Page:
Best practices for website testing with Google Search
This page covers how to ensure that testing variations in page content or page URLs has minimal impact on your Google Search performance. It does not give instructions on how to build or design tests, but you can find more resources about testing at the end of this page.
Overview of testing
Website testing is when you try out different versions of your website (or a part of your website) and collect data about how users react to each version. Typically you will use software to compare behavior with two different variations of your pages (parts of a page, entire pages, or entire multi-page flows), and track which version is most effective with your users.
A/B testing is when you run a test by creating multiple versions of a page, each with its own URL. When users try to access the original URL, you redirect some of them to each of the variation URLs and then compare users’ behavior to see which page is most effective.
Multivariate testing is when you use software to change different parts of your website on the fly. You can test changes to multiple parts of a page—say, the heading, a photo, and the ‘Add to Cart’ button—and the software will show variations of each of these sections to users in different combinations and then statistically analyze which variations are the most effective. Only one URL is involved; the variations are inserted dynamically on the page.
Depending on what types of content you’re testing, it may not even matter much if Googlebot crawls or indexes some of your content variations while you’re testing. Small changes, such as the size, color, or placement of a button or image, or the text of your “call to action” (“Add to cart” vs. “Buy now!”), can have a surprising impact on users’ interactions with your page, but often have little or no impact on that page’s search result snippet or ranking.
In addition, if we crawl your site often enough to detect and index your experiment, we’ll probably index the eventual updates you make to your site fairly quickly after you’ve concluded the experiment.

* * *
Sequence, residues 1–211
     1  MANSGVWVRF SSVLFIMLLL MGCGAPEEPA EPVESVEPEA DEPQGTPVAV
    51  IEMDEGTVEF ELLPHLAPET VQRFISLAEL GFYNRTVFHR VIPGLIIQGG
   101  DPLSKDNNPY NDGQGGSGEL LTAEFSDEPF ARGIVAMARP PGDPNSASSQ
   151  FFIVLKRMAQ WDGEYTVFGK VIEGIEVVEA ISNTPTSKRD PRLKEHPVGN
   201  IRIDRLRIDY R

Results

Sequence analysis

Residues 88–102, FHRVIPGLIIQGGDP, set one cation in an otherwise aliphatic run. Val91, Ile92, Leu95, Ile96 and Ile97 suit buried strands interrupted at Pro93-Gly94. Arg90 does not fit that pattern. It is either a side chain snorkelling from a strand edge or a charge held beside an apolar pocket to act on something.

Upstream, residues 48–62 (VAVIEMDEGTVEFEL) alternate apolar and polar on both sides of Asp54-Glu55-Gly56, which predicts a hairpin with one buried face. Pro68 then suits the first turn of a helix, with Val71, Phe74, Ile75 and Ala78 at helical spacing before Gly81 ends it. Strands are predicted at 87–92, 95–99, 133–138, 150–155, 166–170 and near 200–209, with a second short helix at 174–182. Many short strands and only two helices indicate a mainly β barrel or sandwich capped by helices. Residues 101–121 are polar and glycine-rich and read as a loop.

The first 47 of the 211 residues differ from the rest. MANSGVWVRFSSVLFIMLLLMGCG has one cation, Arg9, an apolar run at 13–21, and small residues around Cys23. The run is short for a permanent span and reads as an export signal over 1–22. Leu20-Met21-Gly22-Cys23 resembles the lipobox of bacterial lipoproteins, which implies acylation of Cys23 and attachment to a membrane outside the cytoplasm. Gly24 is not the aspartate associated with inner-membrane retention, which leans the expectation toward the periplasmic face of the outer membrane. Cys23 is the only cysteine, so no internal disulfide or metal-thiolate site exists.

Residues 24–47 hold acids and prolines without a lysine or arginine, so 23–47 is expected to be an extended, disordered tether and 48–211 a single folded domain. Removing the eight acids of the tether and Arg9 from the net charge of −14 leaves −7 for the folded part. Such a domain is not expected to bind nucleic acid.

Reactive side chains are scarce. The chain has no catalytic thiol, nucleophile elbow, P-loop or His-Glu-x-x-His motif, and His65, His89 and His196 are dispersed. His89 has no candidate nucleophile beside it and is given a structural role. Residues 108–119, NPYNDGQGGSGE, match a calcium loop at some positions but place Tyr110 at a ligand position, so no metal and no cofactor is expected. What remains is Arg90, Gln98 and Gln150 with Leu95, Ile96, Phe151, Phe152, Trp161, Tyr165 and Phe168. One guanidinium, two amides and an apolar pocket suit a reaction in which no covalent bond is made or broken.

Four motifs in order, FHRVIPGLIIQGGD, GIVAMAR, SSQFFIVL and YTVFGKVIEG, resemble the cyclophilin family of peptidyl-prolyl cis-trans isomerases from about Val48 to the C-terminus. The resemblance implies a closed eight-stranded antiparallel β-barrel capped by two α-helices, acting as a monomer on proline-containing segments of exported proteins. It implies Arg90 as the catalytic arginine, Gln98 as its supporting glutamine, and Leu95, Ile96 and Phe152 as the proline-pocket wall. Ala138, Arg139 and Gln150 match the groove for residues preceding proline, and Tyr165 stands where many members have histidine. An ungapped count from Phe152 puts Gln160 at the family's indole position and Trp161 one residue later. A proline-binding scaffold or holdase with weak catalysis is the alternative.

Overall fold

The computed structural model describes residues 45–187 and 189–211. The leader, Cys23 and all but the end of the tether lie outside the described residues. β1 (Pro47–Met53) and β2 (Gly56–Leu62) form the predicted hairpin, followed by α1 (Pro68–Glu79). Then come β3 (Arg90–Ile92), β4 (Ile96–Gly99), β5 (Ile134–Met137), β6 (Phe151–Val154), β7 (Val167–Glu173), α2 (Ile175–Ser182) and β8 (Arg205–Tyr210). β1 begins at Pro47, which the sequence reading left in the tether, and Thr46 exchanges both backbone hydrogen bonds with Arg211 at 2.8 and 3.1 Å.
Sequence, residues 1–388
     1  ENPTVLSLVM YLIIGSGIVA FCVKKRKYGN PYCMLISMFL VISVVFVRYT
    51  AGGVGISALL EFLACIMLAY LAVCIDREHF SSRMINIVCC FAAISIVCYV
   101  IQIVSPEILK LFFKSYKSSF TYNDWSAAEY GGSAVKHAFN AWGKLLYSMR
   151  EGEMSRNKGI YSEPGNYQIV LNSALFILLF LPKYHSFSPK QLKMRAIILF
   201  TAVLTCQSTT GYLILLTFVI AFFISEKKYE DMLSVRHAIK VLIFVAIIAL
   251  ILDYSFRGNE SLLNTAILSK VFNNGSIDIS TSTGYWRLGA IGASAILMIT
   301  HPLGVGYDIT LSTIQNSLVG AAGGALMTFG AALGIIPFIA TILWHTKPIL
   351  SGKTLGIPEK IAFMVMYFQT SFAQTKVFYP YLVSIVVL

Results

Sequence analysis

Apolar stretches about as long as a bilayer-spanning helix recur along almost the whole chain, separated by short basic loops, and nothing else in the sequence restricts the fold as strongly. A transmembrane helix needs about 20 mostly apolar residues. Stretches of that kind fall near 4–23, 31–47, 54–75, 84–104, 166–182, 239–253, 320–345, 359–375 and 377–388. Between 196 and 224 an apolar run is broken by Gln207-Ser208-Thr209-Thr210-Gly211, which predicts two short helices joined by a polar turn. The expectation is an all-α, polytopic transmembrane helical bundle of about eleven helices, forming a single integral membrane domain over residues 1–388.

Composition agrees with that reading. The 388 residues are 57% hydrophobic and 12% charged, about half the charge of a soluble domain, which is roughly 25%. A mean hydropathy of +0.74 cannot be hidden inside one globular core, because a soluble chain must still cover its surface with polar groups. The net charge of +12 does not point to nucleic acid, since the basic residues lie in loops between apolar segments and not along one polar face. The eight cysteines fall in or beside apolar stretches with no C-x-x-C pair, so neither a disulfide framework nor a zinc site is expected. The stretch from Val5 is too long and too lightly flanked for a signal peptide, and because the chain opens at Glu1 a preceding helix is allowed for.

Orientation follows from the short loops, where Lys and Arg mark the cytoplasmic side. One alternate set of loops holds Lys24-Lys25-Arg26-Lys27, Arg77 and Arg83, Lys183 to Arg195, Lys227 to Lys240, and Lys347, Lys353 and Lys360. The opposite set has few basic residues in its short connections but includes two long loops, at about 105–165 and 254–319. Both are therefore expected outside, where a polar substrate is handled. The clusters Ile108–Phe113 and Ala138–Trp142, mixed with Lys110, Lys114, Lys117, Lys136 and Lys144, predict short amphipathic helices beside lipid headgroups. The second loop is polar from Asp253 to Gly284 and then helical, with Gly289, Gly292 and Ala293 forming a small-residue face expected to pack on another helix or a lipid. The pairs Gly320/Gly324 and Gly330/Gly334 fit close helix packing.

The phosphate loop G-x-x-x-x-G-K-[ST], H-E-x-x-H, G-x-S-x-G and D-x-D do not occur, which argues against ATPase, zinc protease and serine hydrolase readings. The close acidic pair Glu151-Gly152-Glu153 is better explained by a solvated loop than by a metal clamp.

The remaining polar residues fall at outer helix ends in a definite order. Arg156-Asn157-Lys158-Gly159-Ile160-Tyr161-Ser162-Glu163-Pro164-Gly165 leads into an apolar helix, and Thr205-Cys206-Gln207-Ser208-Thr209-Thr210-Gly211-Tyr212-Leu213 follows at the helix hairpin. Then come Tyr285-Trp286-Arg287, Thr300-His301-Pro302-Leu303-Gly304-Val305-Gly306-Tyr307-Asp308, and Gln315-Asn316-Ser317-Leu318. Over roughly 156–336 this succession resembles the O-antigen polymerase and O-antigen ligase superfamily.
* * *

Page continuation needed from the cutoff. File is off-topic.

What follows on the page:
Best practices when testing
Here is a list of best practices to avoid any bad effects on your Google Search behavior while testing site variations:
Don't cloak your test pages
Don't show one set of URLs to Googlebot, and a different set to humans. This is called Cloaking, and is against our Webmaster Guidelines, whether you’re running a test or not. Remember that infringing our Guidelines can get your site demoted or removed from Google search results—probably not the desired outcome of your test.
Cloaking counts whether you do it by server logic or by robots.txt, or any other method. Instead, use links or redirects as described next.
Use rel="canonical" links
If you’re running an A/B test with multiple URLs, you can use the rel=“canonical” link attribute on all of your alternate URLs to indicate that the original URL is the preferred version. We recommend using rel=“canonical” rather than a noindex meta tag because it more closely matches your intent in this situation. For instance, if you are testing variations of your home page, you don’t want search engines not to index your homepage, you just want them to understand that all the test URLs are close duplicates or variations on the original URL and should be grouped together, with the original URL as the canonical. Using noindex rather than rel=“canonical” in such a situation can sometimes have unexpected bad effects.
Use 302 redirects, not 301 redirects
Run the experiment only as long as necessary
The amount of time required for a reliable test will vary depending on factors like your conversion rates, and how much traffic your website gets; a good testing tool should tell you when you’ve gathered enough data to draw a reliable conclusion. Once you’ve concluded the test, you should update your site with the desired content variation(s) and remove all elements of the test as soon as possible, such as alternate URLs or testing scripts and markup. If we discover a site running an experiment for an unnecessarily long time, we may interpret this as an attempt to deceive search engines and take action accordingly. This is especially true if you’re serving one content variant to a large percentage of your users.